This paper is concerned with the debate between substantival and relational theories of space-time, and discusses two difficulties that beset the relationalist: a difficulty posed by field theories, and another difficulty (discussed at greater length) called the problem of quantities. A main purpose of the paper is to argue that possibility can not always be used as a surrogate of ontology, and that in particular that there is no hope of using possibility to solve the problem of quantities.
The paper outlines a view of normativity that combines elements of relativism and expressivism, and applies it to normative concepts in epistemology. The result is a kind of epistemological anti-realism, which denies that epistemic norms can be (in any straightforward sense) correct or incorrect; it does allow some to be better than others, but takes this to be goal-relative and is skeptical of the existence of best norms. It discusses the circularity that arises from the fact that we need to (...) use epistemic norms to gather the facts with which to evaluate epistemic norms; relatedly, it discusses how epistemic norms can rationally evolve. It concludes with some discussion of the impact of this view on "ground level" epistemology. (shrink)
There are quite a few theses about logic that are in one way or another pluralist: they hold (i) that there is no uniquely correct logic, and (ii) that because of this, some or all debates about logic are illusory, or need to be somehow reconceived as not straightforwardly factual. Pluralist theses differ markedly over the reasons offered for there being no uniquely correct logic. Some such theses are more interesting than others, because they more radically affect how we are (...) initially inclined to understand debates about logic. Can one find a pluralist thesis that is high on the interest scale, and also true? (shrink)
The paper tries to spell out a connection between deductive logic and rationality, against Harman's arguments that there is no such connection, and also against the thought that any such connection would preclude rational change in logic. One might not need to connect logic to rationality if one could view logic as the science of what preserves truth by a certain kind of necessity (or by necessity plus logical form); but the paper points out a serious obstacle to any such (...) view. (shrink)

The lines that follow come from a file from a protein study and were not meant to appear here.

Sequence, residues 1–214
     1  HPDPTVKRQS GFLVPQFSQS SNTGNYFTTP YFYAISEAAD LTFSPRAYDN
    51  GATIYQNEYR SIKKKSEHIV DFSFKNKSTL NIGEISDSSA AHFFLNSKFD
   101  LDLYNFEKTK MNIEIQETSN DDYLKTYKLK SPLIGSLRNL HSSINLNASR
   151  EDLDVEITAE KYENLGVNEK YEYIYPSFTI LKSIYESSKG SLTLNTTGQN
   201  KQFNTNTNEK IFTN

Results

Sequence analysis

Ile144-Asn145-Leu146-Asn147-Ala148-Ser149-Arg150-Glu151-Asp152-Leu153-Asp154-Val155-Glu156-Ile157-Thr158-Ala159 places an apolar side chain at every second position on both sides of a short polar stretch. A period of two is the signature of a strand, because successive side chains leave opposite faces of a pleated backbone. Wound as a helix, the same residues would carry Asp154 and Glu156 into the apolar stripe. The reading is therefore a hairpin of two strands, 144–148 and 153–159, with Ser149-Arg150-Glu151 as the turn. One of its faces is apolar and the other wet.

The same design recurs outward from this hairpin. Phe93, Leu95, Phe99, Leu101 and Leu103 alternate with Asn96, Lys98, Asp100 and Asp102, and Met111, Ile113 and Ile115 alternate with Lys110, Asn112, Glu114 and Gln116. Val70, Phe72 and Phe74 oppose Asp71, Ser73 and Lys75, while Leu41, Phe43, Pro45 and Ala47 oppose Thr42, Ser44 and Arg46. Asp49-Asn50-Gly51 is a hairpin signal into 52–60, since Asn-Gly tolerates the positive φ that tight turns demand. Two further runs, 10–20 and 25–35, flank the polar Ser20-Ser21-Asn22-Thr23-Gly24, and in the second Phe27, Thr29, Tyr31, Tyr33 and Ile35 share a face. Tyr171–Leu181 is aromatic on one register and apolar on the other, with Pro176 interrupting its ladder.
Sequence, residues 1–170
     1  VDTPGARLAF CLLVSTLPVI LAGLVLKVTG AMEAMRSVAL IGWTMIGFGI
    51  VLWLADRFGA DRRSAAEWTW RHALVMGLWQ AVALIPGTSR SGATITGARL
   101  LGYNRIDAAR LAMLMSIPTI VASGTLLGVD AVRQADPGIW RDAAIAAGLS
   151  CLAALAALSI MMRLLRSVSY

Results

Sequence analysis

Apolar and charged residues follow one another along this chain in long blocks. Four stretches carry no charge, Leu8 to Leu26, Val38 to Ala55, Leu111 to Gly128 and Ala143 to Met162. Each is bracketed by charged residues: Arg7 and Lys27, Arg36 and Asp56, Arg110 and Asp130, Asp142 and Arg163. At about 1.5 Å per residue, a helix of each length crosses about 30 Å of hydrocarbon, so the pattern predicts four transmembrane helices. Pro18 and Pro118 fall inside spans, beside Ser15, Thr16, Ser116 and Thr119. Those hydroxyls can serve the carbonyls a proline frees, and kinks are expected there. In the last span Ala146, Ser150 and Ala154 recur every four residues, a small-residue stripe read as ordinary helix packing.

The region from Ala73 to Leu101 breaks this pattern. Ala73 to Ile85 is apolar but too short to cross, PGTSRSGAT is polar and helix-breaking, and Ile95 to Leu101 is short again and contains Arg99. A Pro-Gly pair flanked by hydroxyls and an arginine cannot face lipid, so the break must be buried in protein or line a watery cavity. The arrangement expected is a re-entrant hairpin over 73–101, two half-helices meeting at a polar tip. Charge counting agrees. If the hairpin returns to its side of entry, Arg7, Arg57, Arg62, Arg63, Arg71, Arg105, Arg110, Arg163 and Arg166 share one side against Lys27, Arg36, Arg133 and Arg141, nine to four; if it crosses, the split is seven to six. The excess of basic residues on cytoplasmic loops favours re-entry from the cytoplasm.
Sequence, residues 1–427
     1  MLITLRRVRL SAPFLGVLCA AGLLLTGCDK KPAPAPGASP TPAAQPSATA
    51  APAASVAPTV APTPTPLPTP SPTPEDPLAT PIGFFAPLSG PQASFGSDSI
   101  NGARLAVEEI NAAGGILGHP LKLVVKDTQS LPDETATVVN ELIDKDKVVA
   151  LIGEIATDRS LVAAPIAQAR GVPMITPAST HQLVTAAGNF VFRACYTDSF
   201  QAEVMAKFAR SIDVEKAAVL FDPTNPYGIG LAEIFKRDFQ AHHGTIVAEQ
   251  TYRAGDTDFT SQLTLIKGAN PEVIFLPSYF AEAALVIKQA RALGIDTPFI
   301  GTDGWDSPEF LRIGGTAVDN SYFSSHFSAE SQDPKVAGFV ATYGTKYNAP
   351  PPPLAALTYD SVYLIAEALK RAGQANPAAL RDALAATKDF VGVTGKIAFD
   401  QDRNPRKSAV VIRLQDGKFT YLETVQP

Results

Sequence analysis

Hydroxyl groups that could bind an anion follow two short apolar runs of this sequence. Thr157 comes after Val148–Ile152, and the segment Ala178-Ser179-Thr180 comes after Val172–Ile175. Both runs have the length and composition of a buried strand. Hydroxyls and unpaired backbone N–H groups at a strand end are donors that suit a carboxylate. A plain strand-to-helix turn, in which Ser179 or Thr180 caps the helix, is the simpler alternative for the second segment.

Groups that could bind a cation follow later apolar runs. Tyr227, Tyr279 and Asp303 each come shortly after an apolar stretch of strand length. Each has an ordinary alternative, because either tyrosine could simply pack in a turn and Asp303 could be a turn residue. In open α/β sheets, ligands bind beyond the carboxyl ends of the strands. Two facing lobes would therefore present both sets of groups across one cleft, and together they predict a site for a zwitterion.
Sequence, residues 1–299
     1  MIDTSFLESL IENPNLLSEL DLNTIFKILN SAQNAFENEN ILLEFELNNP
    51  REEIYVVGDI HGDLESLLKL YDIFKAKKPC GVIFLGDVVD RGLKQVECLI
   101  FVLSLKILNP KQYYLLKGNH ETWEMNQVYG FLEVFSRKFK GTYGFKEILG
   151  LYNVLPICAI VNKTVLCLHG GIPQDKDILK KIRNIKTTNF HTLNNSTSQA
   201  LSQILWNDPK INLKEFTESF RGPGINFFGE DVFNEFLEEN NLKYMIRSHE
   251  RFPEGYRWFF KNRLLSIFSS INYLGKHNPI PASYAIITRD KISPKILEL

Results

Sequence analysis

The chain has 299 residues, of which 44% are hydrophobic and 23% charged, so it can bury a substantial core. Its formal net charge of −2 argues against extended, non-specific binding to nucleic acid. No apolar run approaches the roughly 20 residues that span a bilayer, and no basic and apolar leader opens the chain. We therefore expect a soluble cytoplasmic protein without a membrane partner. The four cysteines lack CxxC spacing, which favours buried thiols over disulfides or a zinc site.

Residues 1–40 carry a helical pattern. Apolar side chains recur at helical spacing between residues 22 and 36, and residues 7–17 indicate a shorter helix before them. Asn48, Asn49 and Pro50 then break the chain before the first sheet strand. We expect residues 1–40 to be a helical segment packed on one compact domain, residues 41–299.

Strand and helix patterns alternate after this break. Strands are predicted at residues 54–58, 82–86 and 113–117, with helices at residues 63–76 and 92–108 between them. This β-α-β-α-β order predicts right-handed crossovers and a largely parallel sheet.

1. Background. At least from the time of the ancient Greeks, most philosophers have held that some of our knowledge is independent of experience, or “a priori”. Indeed, a major tenet of the rationalist tradition in philosophy was that a great deal of our knowledge had this character: even Kant, a critic of some of the overblown claims of rationalism, thought that the structure of space could be known a priori, as could many of the fundamental principles of physics; and (...) Hegel is reputed to have claimed to have deduced on a priori grounds that the number of planets is exactly five. (shrink)
There are many reasons why one might be tempted to reject certain instances of the law of excluded middle. And it is initially natural to take ‘reject’ to mean ‘deny’, that is, ‘assert the negation of’. But if we assert the negation of a disjunction, we certainly ought to assert the negation of each disjunct (since the disjunction is weaker1 than the disjuncts). So asserting..
Both in dealing with the semantic paradoxes and in dealing with vagueness and indeterminacy, there is some temptation to weaken classical logic: in particular, to restrict the law of excluded middle. The reasons for doing this are somewhat different in the two cases. In the case of the semantic paradoxes, a weakening of classical logic (presumably involving a restriction of excluded middle) is required if we are to preserve the naive theory of truth without inconsistency. In the case of vagueness (...) and indeterminacy, there is no worry about inconsistency; but a central intuition is that we must reject the factual status of certain sentences, and it hard to see how we can do that while claiming that the law of excluded middle applies to those sentences. So despite the different routes, we have a similar conclusion in the two cases. (shrink)